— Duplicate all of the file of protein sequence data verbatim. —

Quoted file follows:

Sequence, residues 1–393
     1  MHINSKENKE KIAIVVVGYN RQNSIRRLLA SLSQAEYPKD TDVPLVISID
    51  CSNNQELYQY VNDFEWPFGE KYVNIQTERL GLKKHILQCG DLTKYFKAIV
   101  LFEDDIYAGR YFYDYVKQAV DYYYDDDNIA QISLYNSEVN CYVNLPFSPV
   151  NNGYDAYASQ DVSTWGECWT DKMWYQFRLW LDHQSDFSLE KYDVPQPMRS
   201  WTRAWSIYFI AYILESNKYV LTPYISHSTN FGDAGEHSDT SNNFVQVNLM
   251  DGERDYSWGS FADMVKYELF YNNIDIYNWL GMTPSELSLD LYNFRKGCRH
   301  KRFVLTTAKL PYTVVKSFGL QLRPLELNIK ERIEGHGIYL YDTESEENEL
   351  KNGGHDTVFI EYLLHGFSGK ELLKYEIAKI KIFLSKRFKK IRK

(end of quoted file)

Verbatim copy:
Sequence, residues 1–393
     1  MHINSKENKE KIAIVVVGYN RQNSIRRLLA SLSQAEYPKD TDVPLVISID
    51  CSNNQELYQY VNDFEWPFGE KYVNIQTERL GLKKHILQCG DLTKYFKAIV
   101  LFEDDIYAGR YFYDYVKQAV DYYYDDDNIA QISLYNSEVN CYVNLPFSPV
   151  NNGYDAYASQ DVSTWGECWT DKMWYQFRLW LDHQSDFSLE KYDVPQPMRS
   201  WTRAWSIYFI AYILESNKYV LTPYISHSTN FGDAGEHSDT SNNFVQVNLM
   251  DGERDYSWGS FADMVKYELF YNNIDIYNWL GMTPSELSLD LYNFRKGCRH
   301  KRFVLTTAKL PYTVVKSFGL QLRPLELNIK ERIEGHGIYL YDTESEENEL
   351  KNGGHDTVFI EYLLHGFSGK ELLKYEIAKI KIFLSKRFKK IRK